• @Katie @ Kitchen Stewardship, In culinary school we’d roast the beef bones before making stock. You can also do the same with chicken bones if you want a stronger flavor. Then we’d simmer the stocks all day and all night. We’d fetch them the next morning from the stovetops and strain them. We would either use them then (after degreasing or clarifying) or chill them and defat them the next day (easy to do when cold). At home I just leave the fat in.

  11. I have unknowingly been making bone broth correctly I guess! Mine has always come out with a gel like consistancy. I always thought I had done something wrong, even though it liquifies again as it is heated. I’ve never presoaked the bones first though. I’ll try that next time and see if it gets even more gelled.
    Thanks!

  12. Thanks for the tips! I’ve made bone broth a couple of times (the last time in my crockpot) but I haven’t been able to achieve the gel-like consistency. Next time, I’m going to try more ACV with a longer soak for the bones.

  13. Melanie, I usually add a few tablespoons of apple cider vinegar. I don’t measure, I just pour. :) But that’s about how much I use for one large stock pot worth of bones. Here is the link to the post I wrote with instructions for making broth:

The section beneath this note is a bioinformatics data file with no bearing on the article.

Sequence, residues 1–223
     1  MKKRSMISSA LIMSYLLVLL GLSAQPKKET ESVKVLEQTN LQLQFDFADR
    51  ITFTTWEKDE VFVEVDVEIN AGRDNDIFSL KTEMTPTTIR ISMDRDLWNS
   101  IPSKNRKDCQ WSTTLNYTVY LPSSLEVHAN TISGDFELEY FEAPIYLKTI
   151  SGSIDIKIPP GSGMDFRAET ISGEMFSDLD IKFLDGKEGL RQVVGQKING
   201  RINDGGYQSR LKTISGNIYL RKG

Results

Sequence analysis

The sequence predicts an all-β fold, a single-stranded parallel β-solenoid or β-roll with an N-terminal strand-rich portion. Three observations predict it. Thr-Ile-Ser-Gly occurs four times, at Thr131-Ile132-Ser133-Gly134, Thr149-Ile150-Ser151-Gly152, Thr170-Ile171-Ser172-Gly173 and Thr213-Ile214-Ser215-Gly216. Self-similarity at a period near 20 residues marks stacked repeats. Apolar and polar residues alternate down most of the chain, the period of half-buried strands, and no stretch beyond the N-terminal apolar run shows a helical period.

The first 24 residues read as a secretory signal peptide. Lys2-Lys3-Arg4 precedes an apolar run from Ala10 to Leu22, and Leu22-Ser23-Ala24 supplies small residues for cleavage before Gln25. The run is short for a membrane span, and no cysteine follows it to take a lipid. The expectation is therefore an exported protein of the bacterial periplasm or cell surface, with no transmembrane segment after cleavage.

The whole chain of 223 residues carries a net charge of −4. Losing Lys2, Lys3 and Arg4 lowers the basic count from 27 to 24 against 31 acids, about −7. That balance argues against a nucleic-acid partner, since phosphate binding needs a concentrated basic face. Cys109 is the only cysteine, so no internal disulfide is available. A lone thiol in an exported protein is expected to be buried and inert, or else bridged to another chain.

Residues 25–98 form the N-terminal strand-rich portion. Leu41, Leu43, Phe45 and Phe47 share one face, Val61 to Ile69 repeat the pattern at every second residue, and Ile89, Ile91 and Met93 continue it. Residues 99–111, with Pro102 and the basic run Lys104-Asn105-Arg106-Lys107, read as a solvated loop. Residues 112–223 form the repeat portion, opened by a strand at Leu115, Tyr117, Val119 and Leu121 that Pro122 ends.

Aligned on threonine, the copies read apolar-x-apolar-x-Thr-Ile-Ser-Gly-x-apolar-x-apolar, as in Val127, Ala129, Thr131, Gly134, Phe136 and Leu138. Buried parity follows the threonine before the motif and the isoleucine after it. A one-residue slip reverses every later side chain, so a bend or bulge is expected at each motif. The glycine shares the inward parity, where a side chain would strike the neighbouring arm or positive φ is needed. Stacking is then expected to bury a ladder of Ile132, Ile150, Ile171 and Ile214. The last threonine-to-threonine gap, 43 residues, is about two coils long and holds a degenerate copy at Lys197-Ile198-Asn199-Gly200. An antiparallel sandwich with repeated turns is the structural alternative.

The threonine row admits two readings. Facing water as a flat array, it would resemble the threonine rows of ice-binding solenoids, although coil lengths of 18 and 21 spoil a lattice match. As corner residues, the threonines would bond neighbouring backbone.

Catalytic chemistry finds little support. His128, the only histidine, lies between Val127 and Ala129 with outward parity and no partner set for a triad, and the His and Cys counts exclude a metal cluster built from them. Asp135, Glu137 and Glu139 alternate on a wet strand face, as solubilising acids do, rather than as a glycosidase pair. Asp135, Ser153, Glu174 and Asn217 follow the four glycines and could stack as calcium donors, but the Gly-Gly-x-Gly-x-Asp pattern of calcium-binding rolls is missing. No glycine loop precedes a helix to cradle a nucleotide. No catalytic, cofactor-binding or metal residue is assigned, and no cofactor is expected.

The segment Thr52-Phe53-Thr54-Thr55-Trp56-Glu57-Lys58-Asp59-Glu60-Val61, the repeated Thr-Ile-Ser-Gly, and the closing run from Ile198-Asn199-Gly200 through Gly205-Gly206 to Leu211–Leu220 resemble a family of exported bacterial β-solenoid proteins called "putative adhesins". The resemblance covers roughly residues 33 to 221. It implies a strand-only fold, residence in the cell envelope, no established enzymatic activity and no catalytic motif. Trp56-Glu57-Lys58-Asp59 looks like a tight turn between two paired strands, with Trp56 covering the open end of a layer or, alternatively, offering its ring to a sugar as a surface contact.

http://www.keeperofthehome.org/2008/01/homemade-soup-b.html

    Kelly, I do put my broth into jars, but not to can them. I just like using my canning jars because they are thick and strong. I just pour the broth in, put on a lid, and stick them in the freezer. It’s just important to make sure that you leave at least an inch headroom, only put them in the freezer once they are completely cool, and let them thaw slowly on the counter or in the fridge, to avoid having the jars crack.

    In regards to the size I freeze broth in, I like to do a mix of 1 quart and 1/2 quart (pint) jars, so that I have a variety to choose from depending on what I am doing. It’s also nice to fill an ice cube tray or two, and then pop the broth cubes into a ziploc bag to store in the freezer for those times when you just need a 1/2 cup or 1 cup of broth in a recipe.

  14. Thanks so much Stephanie! I haven’t been able to get my chicken broth to gel yet, despite the addition of vinegar so I think the soaking in cold water is just what I need.

  15. I noticed you were putting your broth into a canning jar. Do you process it in a water bath or a pressure canner. What size portions to you freeze your broth in? Thanks for teaching me!

  16. My husband is Korean and bone broth is a popular dish. My mother-in-law taught me to make it. She soaks the bones for a couple hours in water, but she always told me it was to get bad blood out :) Now I know why it is so important. We normally eat the bone soup with salt & chopped green onion & white rice. So yummy! Here is a link I found:http://newyork.seriouseats.com/2009/06/seolleongtang-ox-bone-broth-from-gahm-mi-oak-koreatown-nyc.html Also Kimchi is wonderful (spicy fermented cabbage & radish with ground onion, garlic, fish sauce and red pepper. Can’t get more nutritious than that!